Pioneering sports writer George Kiseda dies at 80
SAN JUAN CAPISTRANO, Calif. - George Kiseda, a journalist who worked at the Daily News and the Philadelphia Bulletin and championed civil-rights issues in sports in the 1950s and 1960s, has died. He was 80.
SAN JUAN CAPISTRANO, Calif. - George Kiseda, a journalist who worked at the
and the Philadelphia
and championed civil-rights issues in sports in the 1950s and 1960s, has died. He was 80.
Kiseda died early Sunday of a form of dementia at an Alzheimer's care facility in Orange County in California, brother Jim Kiseda said yesterday from Hopewell Junction, N.Y. Kiseda had been at the San Juan Capistrano facility since November.
"He got into a lot of trouble for standing up for minorities," Jim Kiseda said. "He jeopardized his career in many ways."
George Kiseda wrote for the Pittsburgh Sun-Telegraph, the Daily News and Bulletin in the 1950s and '60s before finishing his career in 1984 as a sports copy editor at the Los Angeles Times.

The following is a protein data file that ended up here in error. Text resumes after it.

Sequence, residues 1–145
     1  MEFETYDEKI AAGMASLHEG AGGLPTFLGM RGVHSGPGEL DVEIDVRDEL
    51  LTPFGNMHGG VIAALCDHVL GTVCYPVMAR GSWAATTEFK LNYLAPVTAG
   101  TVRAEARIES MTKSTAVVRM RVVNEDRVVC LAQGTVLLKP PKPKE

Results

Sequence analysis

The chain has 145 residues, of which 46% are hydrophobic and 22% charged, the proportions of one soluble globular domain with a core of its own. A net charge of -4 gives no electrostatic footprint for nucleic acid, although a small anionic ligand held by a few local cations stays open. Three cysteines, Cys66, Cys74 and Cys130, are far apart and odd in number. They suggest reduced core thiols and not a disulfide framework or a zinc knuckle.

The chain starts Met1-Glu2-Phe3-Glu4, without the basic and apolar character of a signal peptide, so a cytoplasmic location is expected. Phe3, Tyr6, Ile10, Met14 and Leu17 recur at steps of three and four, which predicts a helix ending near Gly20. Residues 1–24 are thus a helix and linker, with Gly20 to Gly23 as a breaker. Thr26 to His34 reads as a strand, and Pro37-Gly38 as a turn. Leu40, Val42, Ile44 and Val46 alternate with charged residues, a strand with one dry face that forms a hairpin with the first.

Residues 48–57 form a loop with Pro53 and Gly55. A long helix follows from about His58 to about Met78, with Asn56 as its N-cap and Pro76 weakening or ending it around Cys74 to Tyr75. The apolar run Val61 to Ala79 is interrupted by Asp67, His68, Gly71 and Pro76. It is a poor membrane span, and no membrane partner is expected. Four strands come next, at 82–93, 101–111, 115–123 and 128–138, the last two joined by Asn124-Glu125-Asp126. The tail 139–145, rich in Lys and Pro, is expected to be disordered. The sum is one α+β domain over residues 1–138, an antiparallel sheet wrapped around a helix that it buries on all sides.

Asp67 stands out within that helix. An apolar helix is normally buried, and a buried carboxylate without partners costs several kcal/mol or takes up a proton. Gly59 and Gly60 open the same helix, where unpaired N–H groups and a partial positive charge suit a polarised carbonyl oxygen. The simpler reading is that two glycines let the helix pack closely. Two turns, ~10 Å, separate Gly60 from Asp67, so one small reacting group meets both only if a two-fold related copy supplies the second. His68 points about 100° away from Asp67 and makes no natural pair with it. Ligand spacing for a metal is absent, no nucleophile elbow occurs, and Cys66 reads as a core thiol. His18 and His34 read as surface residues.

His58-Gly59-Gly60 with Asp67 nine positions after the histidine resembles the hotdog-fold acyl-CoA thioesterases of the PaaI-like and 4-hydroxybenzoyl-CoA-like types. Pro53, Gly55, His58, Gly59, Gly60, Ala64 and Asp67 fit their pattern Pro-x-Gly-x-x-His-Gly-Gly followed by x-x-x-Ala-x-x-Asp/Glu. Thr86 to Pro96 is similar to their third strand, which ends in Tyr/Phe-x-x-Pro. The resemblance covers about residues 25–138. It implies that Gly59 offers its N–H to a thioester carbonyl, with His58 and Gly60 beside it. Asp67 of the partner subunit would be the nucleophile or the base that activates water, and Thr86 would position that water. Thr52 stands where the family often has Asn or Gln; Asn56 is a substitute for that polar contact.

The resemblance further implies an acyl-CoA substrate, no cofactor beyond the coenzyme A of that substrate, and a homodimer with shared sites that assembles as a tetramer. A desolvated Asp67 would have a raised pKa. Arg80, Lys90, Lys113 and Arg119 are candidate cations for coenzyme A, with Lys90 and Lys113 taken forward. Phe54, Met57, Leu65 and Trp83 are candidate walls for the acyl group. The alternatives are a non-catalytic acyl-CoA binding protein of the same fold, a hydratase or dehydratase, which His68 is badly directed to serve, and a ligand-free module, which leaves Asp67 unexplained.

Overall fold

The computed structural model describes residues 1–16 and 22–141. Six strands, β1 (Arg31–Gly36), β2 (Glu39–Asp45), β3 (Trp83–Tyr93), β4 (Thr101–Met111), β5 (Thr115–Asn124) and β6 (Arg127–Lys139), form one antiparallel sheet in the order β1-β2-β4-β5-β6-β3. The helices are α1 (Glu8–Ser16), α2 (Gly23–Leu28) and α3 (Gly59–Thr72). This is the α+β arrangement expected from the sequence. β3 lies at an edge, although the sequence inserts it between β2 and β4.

At the Daily News, he covered the City Hall beat briefly but made a fast impression. Sports columnist Bill Conlin once called Kiseda "the best City Hall reporter ever around here."
In 1957, he wrote a column for the Sun-Telegraph about an upcoming football game between Army and Tulane in the Sugar Bowl in New Orleans, where seating was segregated. It was the same year President Eisenhower sent troops to Arkansas to enforce integration of Little Rock's Central High School.
Pennsylvania U.S. Rep. James Fulton read Kiseda's column on the floor of the House of Representatives. Army moved the game to West Point's smaller Michie Stadium.
Kiseda, who was blind in one eye and never drove, was nicknamed the "Silver Quill" by former 76ers guard Wally Jones.
The Boston Globe's Bob Ryan, who received the basketball Hall of Fame's Curt Gowdy Award, once said: "The greatest NBA writer of all time was George Kiseda - the 'Silver Quill' - my favorite writer."
A funeral is Saturday in Kiseda's hometown of Monessen, Pa., with burial to follow. *